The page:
The Bronx is a borough rich with intriguing history and culture, with hallowed arts, sports, and wildlife institutions making it one of the most increasingly developed boroughs in New York City. While many of The Boogie’s Down’s landmarks have been well-maintained, some have not been so lucky.

Many buildings and structures throughout the northernmost borough of New York City have fallen into disrepair and now lay abandoned throughout the Bronx. Once bustling transportation hubs, government institutions, military armories have since become shells of what they once were. While many of these spots seem to be destined to remain in the shadow of their former glory, others have been given a chance at a new life with projects to restore, revitalize, and largely re-imagine the areas they occupy.

10. Cass Gilbert’s Westchester Avenue Station

The Westchester Avenue Station along Concrete Plant Park in the Bronx, which is just off the Whitlock Avenue stop on the 6 train, has now become overgrown with plants and vines. In its heyday, however, the Westchester Avenue Station was a transportation hub for those travelling on the New Haven Railroad, known as the NYW&B. Unfortunately, the NYW&B went bankrupt in 1937, stopping travel through this area.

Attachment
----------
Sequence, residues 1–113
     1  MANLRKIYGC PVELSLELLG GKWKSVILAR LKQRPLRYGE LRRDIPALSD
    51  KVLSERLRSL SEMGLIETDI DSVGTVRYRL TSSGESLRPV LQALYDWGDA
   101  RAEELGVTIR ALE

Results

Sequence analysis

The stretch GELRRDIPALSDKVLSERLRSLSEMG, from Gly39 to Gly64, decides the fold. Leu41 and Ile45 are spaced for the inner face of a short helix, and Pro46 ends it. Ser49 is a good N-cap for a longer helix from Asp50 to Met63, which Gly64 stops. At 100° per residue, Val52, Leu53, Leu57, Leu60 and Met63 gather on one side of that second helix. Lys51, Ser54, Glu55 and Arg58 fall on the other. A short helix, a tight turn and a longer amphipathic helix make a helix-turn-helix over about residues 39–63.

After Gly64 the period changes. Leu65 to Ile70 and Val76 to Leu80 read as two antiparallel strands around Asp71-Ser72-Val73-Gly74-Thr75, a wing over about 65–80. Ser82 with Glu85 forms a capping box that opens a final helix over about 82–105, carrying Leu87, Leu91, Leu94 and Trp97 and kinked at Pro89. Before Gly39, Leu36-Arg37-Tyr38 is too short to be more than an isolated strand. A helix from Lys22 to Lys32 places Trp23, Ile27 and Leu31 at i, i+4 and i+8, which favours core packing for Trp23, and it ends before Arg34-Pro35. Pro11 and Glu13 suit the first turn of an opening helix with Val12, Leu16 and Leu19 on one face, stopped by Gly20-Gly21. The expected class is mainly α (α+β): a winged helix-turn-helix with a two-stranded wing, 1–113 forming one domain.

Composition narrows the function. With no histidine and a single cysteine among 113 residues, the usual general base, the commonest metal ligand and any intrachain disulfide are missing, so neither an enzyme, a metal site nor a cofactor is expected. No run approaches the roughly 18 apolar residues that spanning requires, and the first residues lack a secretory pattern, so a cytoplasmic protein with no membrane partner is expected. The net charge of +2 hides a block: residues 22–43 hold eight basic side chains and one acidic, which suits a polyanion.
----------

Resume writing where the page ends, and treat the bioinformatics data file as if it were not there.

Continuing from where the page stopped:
The station, designed by Cass Gilbert, was an important work of gothic architecture. Gilbert, also the designer of Lower Manhattan’s US Custom House, was commissioned to build 13 stations, including Westchester Avenue, for the railroad in 1908. This station is among four from this commission that remain, along with Hunts Point Avenue, City Island and Morris Park, though all had fallen into disrepair by 2009.  While other stations have projects planned for revitalization of the building, Westchester Avenue Station’s fate has yet to be determined, and remains on the New York Landmark Conservancy’s endangered buildings list.